GenSex: Gender and Sexuality Research Group

30th Nov 2009, 6:15pm - 8:30pm

Edge Hill University

GenSex – Edge Hill University’s Gender and Sexuality Research Group – is holding its next session on Monday 30th November 2009, from 6:15pm-8:30pm in room M42, in the Main Building at the Ormskirk Campus.

‘Narrative, identity and social policy in the ex-gay movement’

By Sam Kirkham, Dept. of English Language and Linguistics, University of Sheffield.

“The ex-gay movement is a worldwide organisation founded on the belief that homosexuality is something that’s socially acquired, against God’s will, and can and should be changed.

“In this paper, I discuss the role of the narrative testimonial in the ex-gay therapy process, showing how it is seen to act as a performative site for the transformation of sexual identity. In doing so, I briefly present the results of an analysis of metaphor in ex-gay narratives, demonstrating how certain metaphors and cultural models permeate the public discourses of the movement. However, I then link the socio-cognitive models that these metaphors evoke to the Christian Right’s influence on social and educational policy in the United States, showing how apparently private stories get made into political capital and can be used to exert significant influence on the lives of LGBT people in America. In this way, this paper elucidates some of the ways in which metaphor can be used to conceptualise sexuality, as well as discussing the policy debates surrounding the role of religion, sexuality and youth in US education.”

‘Seeing through gender: theologising around a complex gender experience’

By Jennie Barnsley, Dept. of Theology and Religion, University of Birmingham:

“Researching for my PhD Theologising around the complexities of gender, I interviewed Leigh, a 19-year-old with a highly complex gender identity. Key themes emerged, concerning instances of Leigh’s being seen and being seen through.

“In analysing interviews, I employ a technique, part grounded theory and part narrative analysis, that ultimately leads me to seek to render theological in character, that is to theologise, my responses to the interview’s emergent themes. This process of theologising centres on the production of metaphors (after McFague, 1982) with which to create new “words about godde”.

“The theme of being seen/through in Leigh’ experiences led me to reflect upon the concept of “thin place”, the idea that in certain locations the barriers between the mundane and the divine are especially permeable. Analogising from this in relation to Leigh’s experiences, I develop concepts of both “thin person” and “thin gender”, positing that there are people through whom it is possible for others to see more clearly the fragility of binary gender. I then theologise around Leigh’s story, reconstructing it as a tangential metaphor for divine-human relationships. I offer this methodology as having the potential to undercut both traditional and feminist theological practices of metaphoricising by gross somatic analogy (Father/Son/Holy Ghost, Maiden/Mother/Crone), and instead to present an opportunity to metaphoricise at a tangent to human experiences.”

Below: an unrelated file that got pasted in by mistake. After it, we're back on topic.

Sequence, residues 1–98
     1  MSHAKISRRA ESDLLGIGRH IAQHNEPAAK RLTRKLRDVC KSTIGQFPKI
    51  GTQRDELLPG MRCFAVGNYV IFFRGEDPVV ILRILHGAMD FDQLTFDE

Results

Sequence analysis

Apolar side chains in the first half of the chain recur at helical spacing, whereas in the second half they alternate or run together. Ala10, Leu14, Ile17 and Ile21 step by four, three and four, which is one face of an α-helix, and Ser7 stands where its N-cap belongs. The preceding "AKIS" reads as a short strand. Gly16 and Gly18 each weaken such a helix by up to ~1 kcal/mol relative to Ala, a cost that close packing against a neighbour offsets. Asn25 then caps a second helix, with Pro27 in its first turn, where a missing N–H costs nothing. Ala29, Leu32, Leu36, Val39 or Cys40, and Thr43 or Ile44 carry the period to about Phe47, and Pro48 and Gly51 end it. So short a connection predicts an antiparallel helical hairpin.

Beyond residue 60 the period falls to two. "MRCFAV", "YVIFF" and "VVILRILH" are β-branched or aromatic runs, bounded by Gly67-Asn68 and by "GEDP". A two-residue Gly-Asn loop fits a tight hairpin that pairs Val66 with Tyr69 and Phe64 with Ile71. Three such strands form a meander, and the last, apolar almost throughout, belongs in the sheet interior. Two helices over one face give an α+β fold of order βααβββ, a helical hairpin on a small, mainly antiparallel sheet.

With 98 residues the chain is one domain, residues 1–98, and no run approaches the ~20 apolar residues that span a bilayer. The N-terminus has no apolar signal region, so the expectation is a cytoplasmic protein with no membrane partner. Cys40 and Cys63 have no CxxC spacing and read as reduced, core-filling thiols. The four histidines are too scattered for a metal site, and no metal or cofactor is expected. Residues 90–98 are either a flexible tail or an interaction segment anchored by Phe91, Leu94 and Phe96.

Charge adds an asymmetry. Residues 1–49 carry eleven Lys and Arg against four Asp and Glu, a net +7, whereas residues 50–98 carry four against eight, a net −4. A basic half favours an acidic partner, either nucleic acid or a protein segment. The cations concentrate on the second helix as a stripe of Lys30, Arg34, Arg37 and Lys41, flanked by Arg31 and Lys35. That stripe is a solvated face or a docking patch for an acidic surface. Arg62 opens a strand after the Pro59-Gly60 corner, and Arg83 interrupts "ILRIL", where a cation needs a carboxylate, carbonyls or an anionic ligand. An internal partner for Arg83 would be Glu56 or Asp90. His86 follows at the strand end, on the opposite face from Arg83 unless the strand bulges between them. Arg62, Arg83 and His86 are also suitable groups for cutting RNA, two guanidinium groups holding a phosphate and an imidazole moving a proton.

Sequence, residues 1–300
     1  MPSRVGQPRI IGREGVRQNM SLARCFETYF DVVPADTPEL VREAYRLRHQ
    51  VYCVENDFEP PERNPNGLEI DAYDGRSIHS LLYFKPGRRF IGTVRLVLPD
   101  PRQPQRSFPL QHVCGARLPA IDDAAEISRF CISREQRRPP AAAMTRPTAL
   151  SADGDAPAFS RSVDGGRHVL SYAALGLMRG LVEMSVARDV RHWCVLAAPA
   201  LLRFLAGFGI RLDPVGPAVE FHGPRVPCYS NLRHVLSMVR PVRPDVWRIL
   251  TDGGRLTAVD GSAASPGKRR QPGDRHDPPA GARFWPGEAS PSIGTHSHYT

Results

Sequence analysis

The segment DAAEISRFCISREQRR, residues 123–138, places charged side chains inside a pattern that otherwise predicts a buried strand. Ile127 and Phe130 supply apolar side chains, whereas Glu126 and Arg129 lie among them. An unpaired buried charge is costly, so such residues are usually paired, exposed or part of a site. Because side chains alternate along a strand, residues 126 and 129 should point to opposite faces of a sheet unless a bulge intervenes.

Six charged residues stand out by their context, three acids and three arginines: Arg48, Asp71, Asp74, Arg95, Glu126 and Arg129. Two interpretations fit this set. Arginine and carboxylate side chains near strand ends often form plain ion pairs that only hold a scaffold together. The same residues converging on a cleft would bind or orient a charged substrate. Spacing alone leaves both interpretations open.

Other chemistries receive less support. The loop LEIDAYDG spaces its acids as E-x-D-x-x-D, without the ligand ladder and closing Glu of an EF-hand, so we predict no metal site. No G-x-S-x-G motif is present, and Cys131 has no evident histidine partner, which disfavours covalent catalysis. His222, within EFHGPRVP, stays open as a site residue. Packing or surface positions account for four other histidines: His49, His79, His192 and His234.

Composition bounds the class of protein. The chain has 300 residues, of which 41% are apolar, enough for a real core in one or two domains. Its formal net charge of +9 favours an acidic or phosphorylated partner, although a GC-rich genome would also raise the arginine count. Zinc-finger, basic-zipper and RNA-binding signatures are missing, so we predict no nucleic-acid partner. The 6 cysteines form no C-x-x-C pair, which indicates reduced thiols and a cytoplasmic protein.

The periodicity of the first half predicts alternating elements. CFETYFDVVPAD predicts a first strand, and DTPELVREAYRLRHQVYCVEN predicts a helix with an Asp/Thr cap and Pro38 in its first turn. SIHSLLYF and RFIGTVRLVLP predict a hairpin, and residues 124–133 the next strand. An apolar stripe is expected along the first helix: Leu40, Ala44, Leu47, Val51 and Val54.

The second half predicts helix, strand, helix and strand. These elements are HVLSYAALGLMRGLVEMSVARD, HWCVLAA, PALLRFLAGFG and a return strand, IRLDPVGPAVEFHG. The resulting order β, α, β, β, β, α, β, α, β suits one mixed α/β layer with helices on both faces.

Speaker Biographies

Sam Kirkham is a PhD student in English Language and Linguistics at the University of Sheffield. His current research investigates the relationship between language variation, identity and style in youth cultures. His other interests include anthropology, social cognition, and the psychology of reading.

Jennie Barnsley is a PhD student at the University of Birmingham and a member of the Gender and Sexuality Research Group at Edge Hill University. Her paper Godde and the complexities of gender is published in Negotiating boundaries? identities, sexualities, diversities.

Contact Details

Would you like to give a paper to GenSex or lead us in a workshop or seminar?  Interdisciplinary research-based debates, presentations and art installations are always welcome.  Topics can include… masculinities, feminisms, gender theories, queer studies, sexuality and subversion, bodily narratives and transgendered identities…just contact Dr Mari Hughes-Edwards by emailing